Rokkaku Kites Etc

by Eddie Lloyd
(UK)

Q:

I've just made a few kites from your e-book that I bought and waiting for some wind to test them now!

Would you believe that since I finished making them our wind speed has dropped to virtually zero every day.

I am now going to make a 6 foot version of the Rokkaku and would like know if I could add a tail to make it more visually more attractive in flight. Also if you could please tell me what the maximum length of ribbon I could add.

I believe your maxim is 8 to 10 times the kite length and approximately one fifth of the kite width?

The ribbons I intend to add are about 15 metres long and 10 mm wide and I thought I would add about 6 of these. Would this have a detrimental effect on the kite's performance or would I simply be able to adjust the bridle's towing point?

I would also like to change some of your single line kites to be able to fly them on 2 lines for even more fun if possible. Again Tim would this be viable without upsetting the kite's flying performance?

The kites I would like to make and fly on 2 lines are your Dowel Delta, your Dowel Rokkaku, and the Dowel Diamond.

Any help you can give would be most gratefully received.


A:

Funny how the weather can sense what you intend to fly, before thwarting you with unsuitable wind speeds ;-)

For the 6ft Rokkaku kite, bump up the dowel widths by 50% which would give you 7.5mm spars. A little thicker will do no harm.

If you stick to very light material for the tails, for example plastic from the lightest bags available, the kite will still fly with even quite ridiculous lengths! Any amount of tail will incur a small performance penalty, but this should not be a problem with the amount of tail you are considering. As long as it is light. That rules out old bed linen for example ;-)

My length of 10 times the kite height was a very conservative number for the Tiny Tots Diamond, intended to guarantee some success even with a sloppy build.

As for turning my single-line designs into stunt kites :-) ... I simply have no experience as to what exactly would happen. I suspect all three you mentioned would be steerable to a degree, and provide plenty of fun in the process. You could use twin bridle loops...

For example, on the Diamond, a loop going from each attachment point on the horizontal spar down to the tail end or near it. A Prusik knot on each loop could then be adjusted to the usual towing position - slightly below the horizontal spar or directly over it, as per my published diagrams.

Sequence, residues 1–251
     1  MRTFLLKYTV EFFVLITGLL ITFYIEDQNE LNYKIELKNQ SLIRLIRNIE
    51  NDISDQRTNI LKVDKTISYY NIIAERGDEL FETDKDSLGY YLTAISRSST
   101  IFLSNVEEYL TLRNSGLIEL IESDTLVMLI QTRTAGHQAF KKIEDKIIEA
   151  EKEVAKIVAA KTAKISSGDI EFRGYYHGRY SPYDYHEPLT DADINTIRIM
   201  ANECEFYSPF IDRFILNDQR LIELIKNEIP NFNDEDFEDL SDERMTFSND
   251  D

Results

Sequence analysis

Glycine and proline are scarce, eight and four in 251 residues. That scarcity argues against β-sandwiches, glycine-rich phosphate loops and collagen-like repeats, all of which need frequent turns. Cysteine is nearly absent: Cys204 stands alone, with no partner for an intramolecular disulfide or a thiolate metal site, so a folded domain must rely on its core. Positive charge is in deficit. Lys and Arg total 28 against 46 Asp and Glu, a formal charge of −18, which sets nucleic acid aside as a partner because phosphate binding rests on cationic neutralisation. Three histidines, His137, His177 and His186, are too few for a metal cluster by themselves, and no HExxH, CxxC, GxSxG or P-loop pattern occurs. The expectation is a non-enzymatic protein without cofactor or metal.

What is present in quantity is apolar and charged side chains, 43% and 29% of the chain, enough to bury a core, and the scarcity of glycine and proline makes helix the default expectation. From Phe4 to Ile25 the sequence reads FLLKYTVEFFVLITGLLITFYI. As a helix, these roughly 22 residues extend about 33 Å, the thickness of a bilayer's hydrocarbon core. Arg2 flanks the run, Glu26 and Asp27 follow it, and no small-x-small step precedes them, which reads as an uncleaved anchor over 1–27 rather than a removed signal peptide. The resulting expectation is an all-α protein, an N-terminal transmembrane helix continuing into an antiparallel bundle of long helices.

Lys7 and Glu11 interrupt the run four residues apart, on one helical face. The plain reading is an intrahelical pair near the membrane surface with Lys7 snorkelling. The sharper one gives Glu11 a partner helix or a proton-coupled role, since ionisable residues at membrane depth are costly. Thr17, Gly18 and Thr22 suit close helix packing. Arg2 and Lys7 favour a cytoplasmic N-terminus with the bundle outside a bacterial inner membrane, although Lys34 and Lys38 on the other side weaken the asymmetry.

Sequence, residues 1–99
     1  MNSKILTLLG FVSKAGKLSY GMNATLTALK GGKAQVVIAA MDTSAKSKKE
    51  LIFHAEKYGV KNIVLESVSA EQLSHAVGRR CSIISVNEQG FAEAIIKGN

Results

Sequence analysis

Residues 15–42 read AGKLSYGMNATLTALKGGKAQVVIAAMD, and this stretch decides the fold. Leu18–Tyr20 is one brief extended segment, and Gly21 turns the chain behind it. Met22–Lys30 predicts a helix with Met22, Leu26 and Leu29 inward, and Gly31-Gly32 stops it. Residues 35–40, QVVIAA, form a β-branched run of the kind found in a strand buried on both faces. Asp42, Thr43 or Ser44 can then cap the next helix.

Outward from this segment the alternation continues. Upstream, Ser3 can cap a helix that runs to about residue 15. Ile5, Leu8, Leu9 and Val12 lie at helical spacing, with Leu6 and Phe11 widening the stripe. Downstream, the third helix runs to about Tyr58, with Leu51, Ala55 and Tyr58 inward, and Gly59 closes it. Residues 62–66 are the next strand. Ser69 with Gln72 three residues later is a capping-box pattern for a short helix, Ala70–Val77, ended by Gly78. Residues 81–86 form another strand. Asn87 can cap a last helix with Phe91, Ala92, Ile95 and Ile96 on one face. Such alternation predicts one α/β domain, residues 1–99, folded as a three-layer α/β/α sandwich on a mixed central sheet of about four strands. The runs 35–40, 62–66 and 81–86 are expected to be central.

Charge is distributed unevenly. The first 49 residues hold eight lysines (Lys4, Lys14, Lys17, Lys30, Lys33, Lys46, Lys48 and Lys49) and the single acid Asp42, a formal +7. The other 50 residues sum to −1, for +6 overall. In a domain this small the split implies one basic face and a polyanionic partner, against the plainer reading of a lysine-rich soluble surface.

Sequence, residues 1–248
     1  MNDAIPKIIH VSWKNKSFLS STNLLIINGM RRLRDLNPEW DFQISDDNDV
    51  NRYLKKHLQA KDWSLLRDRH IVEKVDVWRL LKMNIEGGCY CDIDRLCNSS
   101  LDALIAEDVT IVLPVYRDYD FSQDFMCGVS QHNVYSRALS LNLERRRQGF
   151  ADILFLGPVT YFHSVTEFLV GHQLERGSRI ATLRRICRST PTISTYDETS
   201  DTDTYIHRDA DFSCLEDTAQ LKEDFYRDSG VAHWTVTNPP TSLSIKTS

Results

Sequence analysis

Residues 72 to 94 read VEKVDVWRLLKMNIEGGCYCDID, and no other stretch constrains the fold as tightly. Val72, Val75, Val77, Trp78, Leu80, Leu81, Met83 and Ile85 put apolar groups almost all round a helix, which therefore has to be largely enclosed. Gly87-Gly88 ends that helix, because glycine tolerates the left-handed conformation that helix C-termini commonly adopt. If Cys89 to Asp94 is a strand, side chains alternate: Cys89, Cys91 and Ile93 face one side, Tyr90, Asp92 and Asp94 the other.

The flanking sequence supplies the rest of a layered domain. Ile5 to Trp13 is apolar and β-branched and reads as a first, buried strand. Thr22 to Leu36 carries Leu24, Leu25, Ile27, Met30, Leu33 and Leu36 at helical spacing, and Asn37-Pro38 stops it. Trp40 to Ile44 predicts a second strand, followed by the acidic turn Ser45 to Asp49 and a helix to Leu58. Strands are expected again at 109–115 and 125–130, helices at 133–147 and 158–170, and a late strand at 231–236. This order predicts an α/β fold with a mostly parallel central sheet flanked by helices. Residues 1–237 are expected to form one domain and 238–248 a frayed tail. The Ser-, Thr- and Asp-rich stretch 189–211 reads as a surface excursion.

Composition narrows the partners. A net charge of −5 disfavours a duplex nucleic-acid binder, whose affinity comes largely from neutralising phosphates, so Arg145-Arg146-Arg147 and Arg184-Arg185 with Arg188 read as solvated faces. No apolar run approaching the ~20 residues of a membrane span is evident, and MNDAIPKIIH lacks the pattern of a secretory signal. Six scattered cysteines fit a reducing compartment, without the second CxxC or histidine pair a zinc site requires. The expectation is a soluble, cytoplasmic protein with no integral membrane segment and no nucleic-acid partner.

For the Delta, the logical place to attach the upper ends of the loops would be where the spreader crosses the leading edge spars.

Of course the Dowel designs are not meant to be flown into the ground so be prepared for plenty of hasty on-field repairs with insulation or packing tape. In light wind they should fly around fairly slowly, so I don't think you will snap dowels too easily. If you have significant success, feel free to contribute in the Stories and Photos section of this site (see over in the Nav bar on the left).

Have fun!

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The
Sode is a traditional Japanese design, and this MBK version is exciting to watch in rough air!

If you have made Diamonds before, this kite takes a little more time to make. It's still a straight-forward build though, using the same techniques as used for my Dowel Diamond. 

Get the e-book for making the MBK Dowel Sode kite. The cambered sail makes this a very efficient design. Of the Dowel kites, this design is one of my personal favorites!

This Sode flies steep and steady over the Light wind range, and starts to move around quite a bit when the wind picks up to Moderate levels. Tail(s) are entirely optional, but may be added for looks.

The e-book is a PDF file - which means printable instructions to refer to while you make the kite. It also means convenient off-line access if that suits you better.



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Wind Speeds


Light air
1-5 km/h
1-3 mph
1-3 knots
Beaufort 1

Light breeze
6–11 km/h
4–7 mph
4–6 knots
Beaufort 2    

Gentle breeze
12–19 km/h
8–12 mph
7–10 knots
Beaufort 3    

Moderate breeze
20–28 km/h
13–18 mph
11–16 knots
Beaufort 4    

Fresh breeze
29–38 km/h
19–24 mph
17–21 knots
Beaufort 5    

Strong breeze
39–49 km/h
25–31 mph
22–27 knots
Beaufort 6

High Wind
50-61 km/h
32-38 mph
28-33 knots
Beaufort 7